When Lopez and Ravitz arrived at the police station, they were fingerprinted, photographed, asked to provide pedigree information, and, at various times, placed in a holding cell. Each was taken into a utility closet to be searched by Officer Fried, a female officer. Each was told to remove her outer clothing and to expose her undergarments. Officer Fried then searched plaintiffs' bodies in an allegedly intrusive and unjustified manner. Officer Fried conducted the searches pursuant to a policy authorizing searches of arrestees upon their arrival at the precinct. Plaintiffs later were issued Desk Appearance Tickets ("DATs") charging each of them with inciting riot and resisting arrest under N.Y. PENAL CODE §§ 240.08 and 205.30, Class A misdemeanors. Both plaintiffs were released at approximately 1 a.m. on June 23, 1993.

 Subsequently, the District Attorney of New York County declined to prosecute the case, stating in a press release that prosecution was unwarranted because the charges could not be proven beyond a reasonable doubt.

 Plaintiffs' Claims and the Motion

 Plaintiffs claim that Soler held animosity toward them prior to the night of the riot at the CB3 meeting and that he had "vowed to get" Ravitz. They contend that the Board planned to hold an election for the chair position later that night and that Lopez and Ravitz did not support Soler. They assert that Soler would have lost the election had it been held on June 22, 1993 and that the termination of the meeting resulted in a postponement that served Soler's interests. They contend also that Soler directed the police to arrest them, despite the lack of any basis for such arrests.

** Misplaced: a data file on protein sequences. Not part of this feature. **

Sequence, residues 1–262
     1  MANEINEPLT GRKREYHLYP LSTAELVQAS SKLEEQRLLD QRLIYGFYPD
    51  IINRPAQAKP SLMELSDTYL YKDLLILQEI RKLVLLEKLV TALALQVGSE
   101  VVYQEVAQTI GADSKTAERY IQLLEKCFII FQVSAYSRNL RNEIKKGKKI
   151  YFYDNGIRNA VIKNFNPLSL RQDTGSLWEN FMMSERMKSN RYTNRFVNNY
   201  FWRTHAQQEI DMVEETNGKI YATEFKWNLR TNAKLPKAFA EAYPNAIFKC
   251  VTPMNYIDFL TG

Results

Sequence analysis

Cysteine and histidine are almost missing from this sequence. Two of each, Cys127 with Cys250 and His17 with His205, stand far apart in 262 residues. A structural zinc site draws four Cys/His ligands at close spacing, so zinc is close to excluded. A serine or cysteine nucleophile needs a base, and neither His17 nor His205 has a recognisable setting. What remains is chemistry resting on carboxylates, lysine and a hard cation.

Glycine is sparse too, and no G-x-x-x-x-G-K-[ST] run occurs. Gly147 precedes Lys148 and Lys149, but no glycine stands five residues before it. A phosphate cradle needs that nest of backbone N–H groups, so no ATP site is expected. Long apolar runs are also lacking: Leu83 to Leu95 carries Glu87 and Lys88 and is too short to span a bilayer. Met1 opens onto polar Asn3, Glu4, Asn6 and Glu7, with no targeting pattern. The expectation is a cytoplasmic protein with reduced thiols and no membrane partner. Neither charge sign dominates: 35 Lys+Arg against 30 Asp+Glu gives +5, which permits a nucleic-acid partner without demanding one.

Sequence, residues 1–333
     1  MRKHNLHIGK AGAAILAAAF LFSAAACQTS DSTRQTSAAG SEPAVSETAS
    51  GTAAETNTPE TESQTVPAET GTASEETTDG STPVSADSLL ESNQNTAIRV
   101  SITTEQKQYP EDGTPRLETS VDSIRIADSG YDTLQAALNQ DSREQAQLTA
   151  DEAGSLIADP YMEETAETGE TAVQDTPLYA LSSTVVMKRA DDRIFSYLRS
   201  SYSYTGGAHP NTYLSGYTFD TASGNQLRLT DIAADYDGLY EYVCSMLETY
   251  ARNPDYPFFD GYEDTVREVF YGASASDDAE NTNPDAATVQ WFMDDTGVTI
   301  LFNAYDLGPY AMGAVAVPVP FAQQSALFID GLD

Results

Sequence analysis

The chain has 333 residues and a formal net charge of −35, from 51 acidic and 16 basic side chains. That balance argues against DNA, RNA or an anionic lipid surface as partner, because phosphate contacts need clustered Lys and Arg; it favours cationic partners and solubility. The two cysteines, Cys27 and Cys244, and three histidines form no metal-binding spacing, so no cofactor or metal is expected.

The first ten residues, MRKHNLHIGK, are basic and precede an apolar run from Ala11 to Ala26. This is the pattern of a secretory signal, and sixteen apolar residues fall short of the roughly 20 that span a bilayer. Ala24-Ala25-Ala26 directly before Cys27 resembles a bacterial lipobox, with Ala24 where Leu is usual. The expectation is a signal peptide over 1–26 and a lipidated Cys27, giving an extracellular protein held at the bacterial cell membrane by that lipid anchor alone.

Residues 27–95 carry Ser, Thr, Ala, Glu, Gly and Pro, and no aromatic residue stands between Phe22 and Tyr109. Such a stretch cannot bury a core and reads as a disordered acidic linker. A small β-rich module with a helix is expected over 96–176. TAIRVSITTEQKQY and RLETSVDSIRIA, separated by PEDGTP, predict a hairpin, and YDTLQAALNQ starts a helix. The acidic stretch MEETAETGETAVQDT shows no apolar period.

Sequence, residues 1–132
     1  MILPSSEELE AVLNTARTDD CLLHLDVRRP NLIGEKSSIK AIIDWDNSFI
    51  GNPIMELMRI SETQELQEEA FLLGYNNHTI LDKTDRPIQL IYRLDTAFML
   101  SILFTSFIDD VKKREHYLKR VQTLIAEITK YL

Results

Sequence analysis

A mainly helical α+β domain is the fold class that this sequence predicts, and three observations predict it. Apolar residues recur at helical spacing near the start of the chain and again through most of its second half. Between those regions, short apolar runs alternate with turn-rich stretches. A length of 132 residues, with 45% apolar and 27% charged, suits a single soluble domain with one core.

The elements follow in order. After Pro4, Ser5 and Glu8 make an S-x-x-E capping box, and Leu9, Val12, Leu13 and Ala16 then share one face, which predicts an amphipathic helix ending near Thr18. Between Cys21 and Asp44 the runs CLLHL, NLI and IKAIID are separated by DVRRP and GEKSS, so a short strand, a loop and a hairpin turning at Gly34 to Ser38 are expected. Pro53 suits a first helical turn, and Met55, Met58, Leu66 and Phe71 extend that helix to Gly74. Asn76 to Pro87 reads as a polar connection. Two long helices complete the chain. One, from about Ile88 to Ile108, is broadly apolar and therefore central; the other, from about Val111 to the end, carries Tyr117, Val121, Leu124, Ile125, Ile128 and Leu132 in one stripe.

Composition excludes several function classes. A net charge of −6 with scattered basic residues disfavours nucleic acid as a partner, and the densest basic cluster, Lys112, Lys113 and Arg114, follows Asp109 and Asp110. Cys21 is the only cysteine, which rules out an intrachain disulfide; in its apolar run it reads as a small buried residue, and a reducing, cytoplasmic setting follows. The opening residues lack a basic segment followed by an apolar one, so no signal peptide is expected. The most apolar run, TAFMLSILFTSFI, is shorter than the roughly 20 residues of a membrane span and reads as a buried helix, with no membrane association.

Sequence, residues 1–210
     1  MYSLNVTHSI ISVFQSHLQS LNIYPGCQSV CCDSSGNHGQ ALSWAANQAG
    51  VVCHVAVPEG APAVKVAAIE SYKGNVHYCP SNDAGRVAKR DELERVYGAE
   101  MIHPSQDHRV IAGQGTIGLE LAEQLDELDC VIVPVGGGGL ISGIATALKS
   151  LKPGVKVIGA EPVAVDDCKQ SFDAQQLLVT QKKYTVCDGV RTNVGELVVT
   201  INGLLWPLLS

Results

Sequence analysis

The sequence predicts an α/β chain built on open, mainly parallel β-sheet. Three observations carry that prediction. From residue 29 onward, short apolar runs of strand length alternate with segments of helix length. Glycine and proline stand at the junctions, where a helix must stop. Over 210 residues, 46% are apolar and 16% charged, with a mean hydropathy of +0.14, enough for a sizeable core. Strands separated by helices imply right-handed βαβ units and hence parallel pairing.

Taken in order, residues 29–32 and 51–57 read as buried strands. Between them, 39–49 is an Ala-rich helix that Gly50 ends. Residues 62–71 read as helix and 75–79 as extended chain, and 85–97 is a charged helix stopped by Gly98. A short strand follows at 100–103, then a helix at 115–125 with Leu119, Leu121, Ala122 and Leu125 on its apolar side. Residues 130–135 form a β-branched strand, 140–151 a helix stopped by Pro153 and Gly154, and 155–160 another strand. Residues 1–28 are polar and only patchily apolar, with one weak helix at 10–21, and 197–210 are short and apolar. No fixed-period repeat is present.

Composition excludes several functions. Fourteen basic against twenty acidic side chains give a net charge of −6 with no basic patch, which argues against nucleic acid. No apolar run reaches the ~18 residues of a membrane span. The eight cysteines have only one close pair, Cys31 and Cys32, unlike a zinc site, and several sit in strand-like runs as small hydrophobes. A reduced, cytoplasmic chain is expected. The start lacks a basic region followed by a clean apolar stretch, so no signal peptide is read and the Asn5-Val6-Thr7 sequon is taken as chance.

The Third Amended Complaint contains thirteen causes of action. The first and second charge Soler and Sino with false arrest under State law and Section 1983, respectively. The third and fourth charge Soler with malicious prosecution, again respectively under State law and Section 1983. The fifth cause of action alleges that Soler's actions violated the First Amendment. The sixth and seventh are brought against Soler and assert that his actions intentionally inflicted emotional distress on the plaintiffs in violation of State law and Section 1983, respectively. The eighth and ninth causes of action allege malicious abuse of criminal process by Soler in violation of State law and Section 1983. The tenth cause of action seeks to hold the City responsible for the actions of the other defendants on the basis of respondeat superior. The eleventh cause of action is brought against Fried and charges that her searches of the plaintiffs violated Section 1983 and their Fourth Amendment rights. The twelfth and thirteenth causes, which were added by the Third Amended Complaint, seek to hold the City responsible for Fried's searches on respondeat superior and Monell grounds, respectively.

 Defendants move for partial summary judgment dismissing the false arrest claims with respect to Soler, the malicious prosecution, abuse of process, and intentional infliction of emotional distress claims; and the unlawful search claim against Fried. The City's reply memorandum seeks dismissal of the recently added twelfth and thirteenth causes of action. Inasmuch as all parties have treated those issues as properly before the Court, the Court will consider them as well. The motion does not seek dismissal of the First Amendment claim against Soler, the false arrest claim against Sino, or the tenth cause of action against the City except insofar as the dismissal of the underlying claims against the alleged tortfeasors would require dismissal of that respondeat superior claim against the City.

 Discussio ...